As for carbon dioxide, I would not imagine the high pressure should be any problem. Brake lines have to withstand similar pressures but you don't see a lot of them springing a leak these days.

    I know that ammonia can be toxic at certain stages, but how much would actually be considered toxic? For example, I think these days the average amount of 134a in an auto a/c is around 10-12 oz?? Maybe a little more? How much ammonia would be required for auto a/c?

    On top of that, why is ammonia considered taboo for auto a/c? Because it's toxic? If that's the case, why is ammonia used for refrigerators powered by natural gas or propane? I understand the aspect of getting in a crash...but is there any other factor in ruling it out?

  12. #12
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    Quote Originally Posted by ammoniadog View Post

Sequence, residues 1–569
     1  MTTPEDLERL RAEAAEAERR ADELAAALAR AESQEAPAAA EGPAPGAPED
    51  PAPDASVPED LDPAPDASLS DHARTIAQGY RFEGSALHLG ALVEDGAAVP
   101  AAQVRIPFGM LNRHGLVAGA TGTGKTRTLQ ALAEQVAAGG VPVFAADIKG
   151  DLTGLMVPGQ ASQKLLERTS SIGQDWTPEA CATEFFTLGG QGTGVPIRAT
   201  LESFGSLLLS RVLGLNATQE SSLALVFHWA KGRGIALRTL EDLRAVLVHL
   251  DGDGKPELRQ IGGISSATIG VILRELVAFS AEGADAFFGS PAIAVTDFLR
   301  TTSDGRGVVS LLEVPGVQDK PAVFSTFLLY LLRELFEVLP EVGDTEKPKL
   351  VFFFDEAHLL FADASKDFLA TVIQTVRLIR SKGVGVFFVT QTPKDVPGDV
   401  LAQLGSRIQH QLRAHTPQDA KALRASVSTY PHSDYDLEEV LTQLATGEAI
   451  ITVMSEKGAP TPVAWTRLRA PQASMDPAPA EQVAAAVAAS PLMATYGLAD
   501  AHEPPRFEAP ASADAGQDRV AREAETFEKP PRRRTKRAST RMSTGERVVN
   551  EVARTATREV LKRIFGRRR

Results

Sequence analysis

Co2 IS the global warming gas that environmentalists are trying to reduce from our atmosphere the most.
    The amusing thing about the automotive AC debate in Europe it is that one of the primary arguments the environmentalists make for CO2 refrigerant is that it is an "environmentally neutral" natural and safe refrigerant.

    Like, hey wait, haven't you guys been telling us that CO2 is a dangerous atmospheric pollutant that we have to control at all costs, even if it cripples our economies and standard of living?
    If more government is the answer, then it's a really stupid question.

  13. #13
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    Quote Originally Posted by txnoob View Post
    Thanks for the feedback everyone.


    I know that ammonia can be toxic at certain stages, but how much would actually be considered toxic? For example, I think these days the average amount of 134a in an auto a/c is around 10-12 oz?? Maybe a little more? How much ammonia would be required for auto a/c?

    On top of that, why is ammonia considered taboo for auto a/c? Because it's toxic? If that's the case, why is ammonia used for refrigerators powered by natural gas or propane? I understand the aspect of getting in a crash...but is there any other factor in ruling it out?
    In a crash I'd be more worried about 20 gallons of gasoline then 10-12 oz of ammonia.